Monday, October 15, 2012

Book Report: The Haunting of Hill House

Like any good ghost tale, the story is not so much about the house being haunted as it is the people. Eleanor, the protagonist of The Haunting of Hill House, much like Jack Torrence in The Shining, has come unmoored from her life. Lonely, insecure, and looking for a place to belong, she's primed for getting caught up in the shenanigans of Hill House. Boy, those haunted mansions really know their business, am I right? Both The Haunting and The Shining explore similar territory: isolation, suspicion, self-loathing, and obsession, and in a way, Jack and Eleanor both share the same fate...

What you might not expect, given my brief on The Haunting, is that Shirley Jackson is massively, incredibly, totally off-the-charts crack me up. Equal parts horrifying and hilarious, there's even a dash of slang, circa 1959, for good measure.

The little sticky sounds moved on around the doorframe an then, as though a fury caught whatever was outside, the crashing came again, and Eleanor and Theodora saw the wood of the door tremble and shake, and the door move against its hinges. "You can't get in," Eleanor said wildly, and again there was a silence, as though the house listened with attention to her words, understanding, cynically agreeing, content to wait.  --Shirley Jackson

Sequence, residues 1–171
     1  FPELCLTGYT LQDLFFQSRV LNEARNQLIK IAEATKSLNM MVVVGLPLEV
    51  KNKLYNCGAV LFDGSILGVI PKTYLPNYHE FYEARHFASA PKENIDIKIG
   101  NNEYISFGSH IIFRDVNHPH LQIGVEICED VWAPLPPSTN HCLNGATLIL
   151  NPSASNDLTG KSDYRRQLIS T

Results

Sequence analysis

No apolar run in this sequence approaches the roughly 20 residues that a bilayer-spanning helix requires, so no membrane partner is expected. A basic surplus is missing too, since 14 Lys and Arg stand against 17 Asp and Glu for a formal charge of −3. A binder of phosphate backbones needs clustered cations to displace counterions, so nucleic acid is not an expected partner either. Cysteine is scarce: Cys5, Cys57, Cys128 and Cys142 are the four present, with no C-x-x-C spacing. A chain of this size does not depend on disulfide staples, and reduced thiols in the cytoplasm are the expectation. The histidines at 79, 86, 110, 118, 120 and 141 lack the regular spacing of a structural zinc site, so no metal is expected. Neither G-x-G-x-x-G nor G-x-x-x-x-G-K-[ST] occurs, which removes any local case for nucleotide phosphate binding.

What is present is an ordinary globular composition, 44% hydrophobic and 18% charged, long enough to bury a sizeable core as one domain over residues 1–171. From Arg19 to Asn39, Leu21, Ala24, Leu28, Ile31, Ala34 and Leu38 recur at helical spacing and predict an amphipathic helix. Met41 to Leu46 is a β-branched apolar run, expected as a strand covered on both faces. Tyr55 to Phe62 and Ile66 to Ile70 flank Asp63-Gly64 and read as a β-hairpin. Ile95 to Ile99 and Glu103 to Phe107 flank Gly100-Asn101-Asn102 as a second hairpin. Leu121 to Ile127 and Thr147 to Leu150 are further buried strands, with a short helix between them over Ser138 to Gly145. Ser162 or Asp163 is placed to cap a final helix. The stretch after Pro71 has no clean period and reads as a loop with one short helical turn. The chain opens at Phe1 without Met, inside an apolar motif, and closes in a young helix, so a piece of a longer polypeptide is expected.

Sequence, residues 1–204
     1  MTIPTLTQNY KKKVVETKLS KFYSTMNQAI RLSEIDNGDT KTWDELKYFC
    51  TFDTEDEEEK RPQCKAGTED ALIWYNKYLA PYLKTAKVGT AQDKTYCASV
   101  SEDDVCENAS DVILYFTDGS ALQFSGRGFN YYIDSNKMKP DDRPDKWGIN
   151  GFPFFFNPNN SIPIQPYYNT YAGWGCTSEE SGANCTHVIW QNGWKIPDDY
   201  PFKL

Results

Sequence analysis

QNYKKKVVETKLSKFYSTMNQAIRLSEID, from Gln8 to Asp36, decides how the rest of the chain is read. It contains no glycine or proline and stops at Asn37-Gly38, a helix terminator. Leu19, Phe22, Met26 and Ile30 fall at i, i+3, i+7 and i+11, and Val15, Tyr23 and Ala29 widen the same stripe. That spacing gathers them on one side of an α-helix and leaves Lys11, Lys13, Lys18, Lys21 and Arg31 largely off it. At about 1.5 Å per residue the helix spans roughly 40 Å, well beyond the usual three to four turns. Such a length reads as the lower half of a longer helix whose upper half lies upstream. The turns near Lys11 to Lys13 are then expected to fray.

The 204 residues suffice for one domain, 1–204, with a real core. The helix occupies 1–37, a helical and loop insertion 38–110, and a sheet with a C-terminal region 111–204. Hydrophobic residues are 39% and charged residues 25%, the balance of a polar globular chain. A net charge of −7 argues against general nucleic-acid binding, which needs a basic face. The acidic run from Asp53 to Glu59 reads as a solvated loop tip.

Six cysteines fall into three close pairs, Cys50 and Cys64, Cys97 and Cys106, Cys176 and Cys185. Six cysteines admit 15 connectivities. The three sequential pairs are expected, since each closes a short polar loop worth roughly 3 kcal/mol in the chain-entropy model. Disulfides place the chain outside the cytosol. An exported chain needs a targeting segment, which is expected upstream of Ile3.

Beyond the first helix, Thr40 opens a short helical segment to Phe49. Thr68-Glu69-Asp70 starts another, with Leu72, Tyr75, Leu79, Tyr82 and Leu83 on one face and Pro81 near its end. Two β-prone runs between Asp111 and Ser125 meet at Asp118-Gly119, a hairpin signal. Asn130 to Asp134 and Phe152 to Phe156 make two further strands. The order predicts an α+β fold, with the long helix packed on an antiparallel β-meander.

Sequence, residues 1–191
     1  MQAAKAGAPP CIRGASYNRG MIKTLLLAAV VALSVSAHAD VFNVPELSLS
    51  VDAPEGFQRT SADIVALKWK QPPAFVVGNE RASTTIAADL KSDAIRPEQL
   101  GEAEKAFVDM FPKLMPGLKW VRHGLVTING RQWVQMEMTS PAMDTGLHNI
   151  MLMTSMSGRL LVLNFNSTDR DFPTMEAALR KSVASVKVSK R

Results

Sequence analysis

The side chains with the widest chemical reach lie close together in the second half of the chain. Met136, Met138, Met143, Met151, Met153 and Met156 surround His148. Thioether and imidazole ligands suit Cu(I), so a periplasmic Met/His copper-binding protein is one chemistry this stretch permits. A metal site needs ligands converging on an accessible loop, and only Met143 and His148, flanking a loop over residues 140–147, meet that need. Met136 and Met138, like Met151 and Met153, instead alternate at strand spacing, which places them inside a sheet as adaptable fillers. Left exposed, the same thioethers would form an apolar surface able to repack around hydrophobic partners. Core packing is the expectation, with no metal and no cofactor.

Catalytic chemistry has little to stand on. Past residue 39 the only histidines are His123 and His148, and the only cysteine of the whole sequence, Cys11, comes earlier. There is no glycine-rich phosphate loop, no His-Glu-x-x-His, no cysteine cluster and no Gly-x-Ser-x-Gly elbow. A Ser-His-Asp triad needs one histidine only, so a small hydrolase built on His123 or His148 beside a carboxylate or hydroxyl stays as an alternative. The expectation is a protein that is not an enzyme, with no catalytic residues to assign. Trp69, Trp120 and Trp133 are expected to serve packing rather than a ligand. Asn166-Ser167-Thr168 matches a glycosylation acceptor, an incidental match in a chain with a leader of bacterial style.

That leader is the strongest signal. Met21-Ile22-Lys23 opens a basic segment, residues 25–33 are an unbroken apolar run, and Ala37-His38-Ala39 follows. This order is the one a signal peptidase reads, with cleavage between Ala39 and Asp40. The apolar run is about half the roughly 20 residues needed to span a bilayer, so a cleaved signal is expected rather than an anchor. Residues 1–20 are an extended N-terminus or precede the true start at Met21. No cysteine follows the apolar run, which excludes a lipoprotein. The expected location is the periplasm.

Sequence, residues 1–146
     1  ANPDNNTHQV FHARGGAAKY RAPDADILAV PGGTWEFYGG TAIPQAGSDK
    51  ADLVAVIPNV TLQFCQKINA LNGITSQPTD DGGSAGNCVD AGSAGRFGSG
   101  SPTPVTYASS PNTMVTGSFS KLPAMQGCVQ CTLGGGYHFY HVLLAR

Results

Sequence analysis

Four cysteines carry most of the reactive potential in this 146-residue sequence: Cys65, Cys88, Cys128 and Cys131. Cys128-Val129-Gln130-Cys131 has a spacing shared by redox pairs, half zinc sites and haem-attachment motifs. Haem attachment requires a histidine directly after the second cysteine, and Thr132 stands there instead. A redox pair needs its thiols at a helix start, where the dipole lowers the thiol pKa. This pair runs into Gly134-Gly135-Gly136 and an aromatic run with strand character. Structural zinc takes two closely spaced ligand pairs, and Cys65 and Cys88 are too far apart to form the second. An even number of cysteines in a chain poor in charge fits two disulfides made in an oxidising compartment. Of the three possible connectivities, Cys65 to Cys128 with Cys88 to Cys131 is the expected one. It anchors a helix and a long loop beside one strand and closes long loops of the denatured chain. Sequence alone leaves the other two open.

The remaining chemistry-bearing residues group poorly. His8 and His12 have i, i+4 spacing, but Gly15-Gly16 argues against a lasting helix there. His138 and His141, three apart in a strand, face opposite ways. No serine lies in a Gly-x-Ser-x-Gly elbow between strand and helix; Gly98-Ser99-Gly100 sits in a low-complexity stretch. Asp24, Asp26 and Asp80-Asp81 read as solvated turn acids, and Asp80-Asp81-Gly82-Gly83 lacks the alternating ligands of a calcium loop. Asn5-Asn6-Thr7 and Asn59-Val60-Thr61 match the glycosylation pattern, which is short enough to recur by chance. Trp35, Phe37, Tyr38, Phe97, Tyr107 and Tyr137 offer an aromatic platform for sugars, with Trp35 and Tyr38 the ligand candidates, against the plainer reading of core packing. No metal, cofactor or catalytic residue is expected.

Really and truly, if you loved The Shining, I do believe The Haunting of Hill House might be a book for you. There's less overt violence, but honestly, this book terrifies/thrills me on an entirely different level. I actually had moments when I almost had to put the book down and pet Matilda in an attempt to soothe my nerves. I said almost. And of course, I have to add a plug for We Have Always Lived in the Castle. Does it seem like I'm turning the blog into my own personal Shirley Jackson memorial? Oh, well. The sisters will just have to deal; it's not like they aren't enthralled by Ms. Jackson anyway. It's a veritable Jackson cadre up in here. 

Remember, my dear ones: allow your books to beckon, but never give in to their mysterious mansions.

1. Elizabeth Gadd; 2. Gate detail, via Treasure Field; 3. Get Out!!!, by Greg O'Donnell; 4. Baroque chalkboard; 5. Statue of a Child Angel Contemplating a Skull, by Stephen Sharnoff; 6. Spiral stair, via Vintage Rose Garden; 7. Red sweater, via A Sensible Heart; 8. Anniel's Classic Ballet Flats, via Steven Alan; 9. Red toes, by Tokyo-Bleep; 10. Hand, via FFFFOUND!; 11. French antique door knocker, by Tongue in Cheek; 12. Crop, by Cristina Verrienti.

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